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Am J Bot. 1999 Feb;86(2):278-86.

Sex allocation and reproductive success in the andromonoecious perennial Solanum carolinense (Solanaceae). I. Female.

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  • 1Department of Ecology, Evolution, and Natural Resources, Rutgers University, New Brunswick, New Jersey 08903-0231.

Abstract

Relative allocation of resources to growth vs. reproduction has long been known to be an important determinant of reproductive success. The importance of variation in allocation to different structures within reproductive allocation is somewhat less clear. This study was designed to elucidate the importance of allocation to vegetative vs. reproductive functions, and allocation within reproductive functions (sex allocation), to realized female success in an andromonoecious plant, Solanum carolinense. Allocation measurements were taken on plants in experimental arrays exposed to natural pollination conditions. These measurements included total flower number, the proportion of flowers that were male, flower size, and vegetative size. Flower number explained the majority of the variation among individuals in their success-that is, there was strong selection for increased flower production. There was also selection to decrease the proportion of flowers that were male, but neither flower size nor vegetative size (a measure of overall resource availability) were direct determinants of female success. After Bonferroni corrections for multiple comparisons, most phenotypic correlations among the traits measured were nonsignificant. Thus, in this andromonoecious species there is not a strong relationship between resource availability (vegetative size) and female success, and female success is instead determined by the relative production of the two different flower types.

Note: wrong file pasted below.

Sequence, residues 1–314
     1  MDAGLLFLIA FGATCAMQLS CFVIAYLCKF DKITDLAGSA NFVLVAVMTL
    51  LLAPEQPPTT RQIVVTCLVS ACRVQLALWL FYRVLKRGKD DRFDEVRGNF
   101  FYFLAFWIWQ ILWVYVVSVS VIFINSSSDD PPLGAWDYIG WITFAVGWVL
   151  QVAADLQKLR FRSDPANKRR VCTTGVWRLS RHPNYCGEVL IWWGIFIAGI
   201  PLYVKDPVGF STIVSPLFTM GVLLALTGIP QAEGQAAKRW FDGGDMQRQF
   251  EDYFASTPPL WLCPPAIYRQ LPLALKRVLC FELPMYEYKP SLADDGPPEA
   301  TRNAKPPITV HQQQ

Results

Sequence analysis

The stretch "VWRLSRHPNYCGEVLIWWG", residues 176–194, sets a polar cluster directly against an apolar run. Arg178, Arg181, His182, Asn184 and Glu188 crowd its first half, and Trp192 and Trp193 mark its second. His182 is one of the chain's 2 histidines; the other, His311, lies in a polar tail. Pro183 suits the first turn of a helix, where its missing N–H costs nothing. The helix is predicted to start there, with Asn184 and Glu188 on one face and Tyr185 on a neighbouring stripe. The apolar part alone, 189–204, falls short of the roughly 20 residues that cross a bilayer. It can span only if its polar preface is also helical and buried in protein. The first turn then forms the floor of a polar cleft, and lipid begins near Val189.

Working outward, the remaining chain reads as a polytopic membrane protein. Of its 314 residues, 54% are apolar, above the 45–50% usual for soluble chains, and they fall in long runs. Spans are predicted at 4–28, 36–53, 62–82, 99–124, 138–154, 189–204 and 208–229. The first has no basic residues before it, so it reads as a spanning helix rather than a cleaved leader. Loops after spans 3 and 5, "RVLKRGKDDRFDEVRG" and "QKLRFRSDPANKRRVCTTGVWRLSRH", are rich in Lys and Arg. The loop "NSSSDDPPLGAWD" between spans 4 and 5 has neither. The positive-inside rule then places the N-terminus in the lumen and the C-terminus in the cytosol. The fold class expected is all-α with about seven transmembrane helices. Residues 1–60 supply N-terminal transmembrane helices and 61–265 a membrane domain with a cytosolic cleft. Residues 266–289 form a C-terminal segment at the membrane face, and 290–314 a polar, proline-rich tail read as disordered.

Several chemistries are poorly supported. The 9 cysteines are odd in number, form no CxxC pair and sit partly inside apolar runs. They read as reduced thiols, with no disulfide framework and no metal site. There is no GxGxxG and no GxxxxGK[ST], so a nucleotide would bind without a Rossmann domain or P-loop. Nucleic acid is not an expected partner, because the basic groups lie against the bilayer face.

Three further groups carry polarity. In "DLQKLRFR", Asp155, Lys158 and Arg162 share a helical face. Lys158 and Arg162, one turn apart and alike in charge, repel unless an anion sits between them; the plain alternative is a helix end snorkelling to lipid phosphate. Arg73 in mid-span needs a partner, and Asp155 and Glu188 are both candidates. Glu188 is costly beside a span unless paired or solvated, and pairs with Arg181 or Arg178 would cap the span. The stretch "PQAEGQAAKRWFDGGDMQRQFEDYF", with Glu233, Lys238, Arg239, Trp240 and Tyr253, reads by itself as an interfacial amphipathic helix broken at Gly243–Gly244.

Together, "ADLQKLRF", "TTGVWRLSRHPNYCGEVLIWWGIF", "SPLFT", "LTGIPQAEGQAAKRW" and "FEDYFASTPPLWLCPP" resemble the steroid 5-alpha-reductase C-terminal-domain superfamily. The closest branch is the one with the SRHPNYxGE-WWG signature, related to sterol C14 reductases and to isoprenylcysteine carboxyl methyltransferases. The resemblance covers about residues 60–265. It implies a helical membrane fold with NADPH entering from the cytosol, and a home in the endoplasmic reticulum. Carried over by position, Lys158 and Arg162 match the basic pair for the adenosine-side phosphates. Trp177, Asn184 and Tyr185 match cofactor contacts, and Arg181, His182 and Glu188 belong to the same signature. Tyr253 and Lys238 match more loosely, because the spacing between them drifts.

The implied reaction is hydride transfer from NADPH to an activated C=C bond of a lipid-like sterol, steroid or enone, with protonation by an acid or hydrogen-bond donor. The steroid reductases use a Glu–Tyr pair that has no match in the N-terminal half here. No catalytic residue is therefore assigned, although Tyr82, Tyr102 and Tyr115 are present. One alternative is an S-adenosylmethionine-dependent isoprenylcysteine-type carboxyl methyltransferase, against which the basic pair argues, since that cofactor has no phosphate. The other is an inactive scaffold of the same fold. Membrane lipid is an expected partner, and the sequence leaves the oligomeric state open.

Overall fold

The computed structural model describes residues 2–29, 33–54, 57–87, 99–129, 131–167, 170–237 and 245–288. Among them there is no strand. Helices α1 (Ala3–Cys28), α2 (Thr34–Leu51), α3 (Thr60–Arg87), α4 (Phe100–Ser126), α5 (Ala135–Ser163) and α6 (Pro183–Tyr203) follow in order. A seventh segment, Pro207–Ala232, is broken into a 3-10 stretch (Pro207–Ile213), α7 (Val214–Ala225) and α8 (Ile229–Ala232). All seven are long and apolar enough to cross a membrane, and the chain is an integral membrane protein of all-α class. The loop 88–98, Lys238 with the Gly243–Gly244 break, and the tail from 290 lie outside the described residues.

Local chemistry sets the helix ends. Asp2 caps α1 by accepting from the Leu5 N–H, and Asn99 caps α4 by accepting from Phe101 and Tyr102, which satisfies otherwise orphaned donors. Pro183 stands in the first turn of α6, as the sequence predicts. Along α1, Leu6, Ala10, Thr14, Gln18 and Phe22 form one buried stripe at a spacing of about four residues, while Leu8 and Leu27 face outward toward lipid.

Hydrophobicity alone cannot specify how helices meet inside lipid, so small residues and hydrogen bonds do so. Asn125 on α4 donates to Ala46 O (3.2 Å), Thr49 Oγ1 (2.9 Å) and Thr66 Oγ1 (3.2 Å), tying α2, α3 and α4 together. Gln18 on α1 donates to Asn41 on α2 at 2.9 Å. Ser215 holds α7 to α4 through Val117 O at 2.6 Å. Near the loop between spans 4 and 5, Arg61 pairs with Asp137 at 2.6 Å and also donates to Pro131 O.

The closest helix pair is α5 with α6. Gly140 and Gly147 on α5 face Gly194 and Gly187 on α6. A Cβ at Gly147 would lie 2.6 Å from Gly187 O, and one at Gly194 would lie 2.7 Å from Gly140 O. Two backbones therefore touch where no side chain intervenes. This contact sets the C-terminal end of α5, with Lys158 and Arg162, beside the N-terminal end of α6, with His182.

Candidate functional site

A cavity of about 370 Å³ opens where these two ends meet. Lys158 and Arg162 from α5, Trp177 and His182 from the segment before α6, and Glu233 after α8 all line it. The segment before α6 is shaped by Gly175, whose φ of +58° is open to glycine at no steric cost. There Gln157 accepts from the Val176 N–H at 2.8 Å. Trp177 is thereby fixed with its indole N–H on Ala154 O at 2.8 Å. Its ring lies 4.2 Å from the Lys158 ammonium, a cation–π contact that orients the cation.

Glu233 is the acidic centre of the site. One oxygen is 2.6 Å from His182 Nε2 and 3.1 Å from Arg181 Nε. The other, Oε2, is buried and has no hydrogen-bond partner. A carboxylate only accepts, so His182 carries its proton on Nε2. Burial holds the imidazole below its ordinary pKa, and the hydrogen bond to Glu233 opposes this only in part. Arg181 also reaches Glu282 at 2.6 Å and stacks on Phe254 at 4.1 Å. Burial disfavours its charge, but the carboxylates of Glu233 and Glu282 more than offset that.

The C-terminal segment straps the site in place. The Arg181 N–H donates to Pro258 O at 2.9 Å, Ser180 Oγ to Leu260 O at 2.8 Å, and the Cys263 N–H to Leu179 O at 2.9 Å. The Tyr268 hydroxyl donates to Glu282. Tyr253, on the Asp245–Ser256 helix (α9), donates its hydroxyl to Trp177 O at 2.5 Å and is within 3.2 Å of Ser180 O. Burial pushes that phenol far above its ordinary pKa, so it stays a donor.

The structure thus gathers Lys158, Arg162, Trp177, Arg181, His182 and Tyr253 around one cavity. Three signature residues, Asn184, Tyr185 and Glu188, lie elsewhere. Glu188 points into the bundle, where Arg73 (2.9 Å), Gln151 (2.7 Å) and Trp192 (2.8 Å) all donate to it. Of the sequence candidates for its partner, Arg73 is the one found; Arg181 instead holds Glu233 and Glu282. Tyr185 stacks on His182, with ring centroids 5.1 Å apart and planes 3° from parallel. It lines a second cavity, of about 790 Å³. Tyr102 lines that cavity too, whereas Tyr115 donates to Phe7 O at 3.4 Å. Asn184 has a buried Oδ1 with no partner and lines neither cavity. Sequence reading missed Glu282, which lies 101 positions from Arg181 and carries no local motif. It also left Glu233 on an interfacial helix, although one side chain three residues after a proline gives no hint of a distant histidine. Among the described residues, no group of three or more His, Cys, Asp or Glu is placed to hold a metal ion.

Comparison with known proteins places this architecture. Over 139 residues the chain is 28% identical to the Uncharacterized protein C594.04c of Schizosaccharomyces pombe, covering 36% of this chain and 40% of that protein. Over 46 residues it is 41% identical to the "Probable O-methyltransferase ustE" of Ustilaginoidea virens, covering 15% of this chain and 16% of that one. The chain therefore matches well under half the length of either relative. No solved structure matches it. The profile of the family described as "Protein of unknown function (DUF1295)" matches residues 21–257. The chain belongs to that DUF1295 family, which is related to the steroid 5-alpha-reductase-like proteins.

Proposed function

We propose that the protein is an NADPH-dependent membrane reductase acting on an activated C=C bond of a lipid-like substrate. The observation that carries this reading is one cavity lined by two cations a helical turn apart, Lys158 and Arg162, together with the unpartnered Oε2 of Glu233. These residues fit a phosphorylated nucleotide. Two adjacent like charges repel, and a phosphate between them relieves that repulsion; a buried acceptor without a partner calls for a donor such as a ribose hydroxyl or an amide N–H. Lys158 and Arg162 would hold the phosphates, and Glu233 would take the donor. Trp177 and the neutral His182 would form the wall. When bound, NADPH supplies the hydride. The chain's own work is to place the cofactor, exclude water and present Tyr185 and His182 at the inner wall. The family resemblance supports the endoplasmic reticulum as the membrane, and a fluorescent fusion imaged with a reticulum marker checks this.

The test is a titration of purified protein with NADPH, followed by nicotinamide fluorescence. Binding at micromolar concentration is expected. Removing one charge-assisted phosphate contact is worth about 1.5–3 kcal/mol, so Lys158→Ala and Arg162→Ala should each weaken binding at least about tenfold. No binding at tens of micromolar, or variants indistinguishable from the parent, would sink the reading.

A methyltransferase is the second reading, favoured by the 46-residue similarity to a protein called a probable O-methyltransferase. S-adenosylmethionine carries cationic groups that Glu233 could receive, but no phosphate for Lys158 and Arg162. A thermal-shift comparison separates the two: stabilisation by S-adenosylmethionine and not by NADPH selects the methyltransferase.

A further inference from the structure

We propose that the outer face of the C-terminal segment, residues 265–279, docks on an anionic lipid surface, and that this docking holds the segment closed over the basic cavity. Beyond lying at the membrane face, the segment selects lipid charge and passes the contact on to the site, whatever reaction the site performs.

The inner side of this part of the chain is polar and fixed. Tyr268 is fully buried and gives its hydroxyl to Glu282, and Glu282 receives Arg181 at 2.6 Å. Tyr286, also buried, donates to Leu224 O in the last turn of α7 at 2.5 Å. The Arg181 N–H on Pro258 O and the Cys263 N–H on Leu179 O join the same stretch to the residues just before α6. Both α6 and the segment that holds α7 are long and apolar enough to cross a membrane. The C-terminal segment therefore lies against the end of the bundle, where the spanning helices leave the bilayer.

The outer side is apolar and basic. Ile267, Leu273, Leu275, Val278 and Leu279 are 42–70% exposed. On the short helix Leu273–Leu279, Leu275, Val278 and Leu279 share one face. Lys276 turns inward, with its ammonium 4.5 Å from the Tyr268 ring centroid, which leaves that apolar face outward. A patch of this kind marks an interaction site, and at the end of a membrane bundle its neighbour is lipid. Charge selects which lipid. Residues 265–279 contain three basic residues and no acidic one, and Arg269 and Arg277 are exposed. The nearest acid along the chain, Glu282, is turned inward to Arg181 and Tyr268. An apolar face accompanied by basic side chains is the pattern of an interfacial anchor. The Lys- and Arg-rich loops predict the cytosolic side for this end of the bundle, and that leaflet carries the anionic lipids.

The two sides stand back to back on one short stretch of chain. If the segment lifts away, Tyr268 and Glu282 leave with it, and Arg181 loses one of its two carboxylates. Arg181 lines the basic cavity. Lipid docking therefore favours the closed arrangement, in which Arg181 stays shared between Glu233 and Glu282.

PMID:
21680366
[PubMed]
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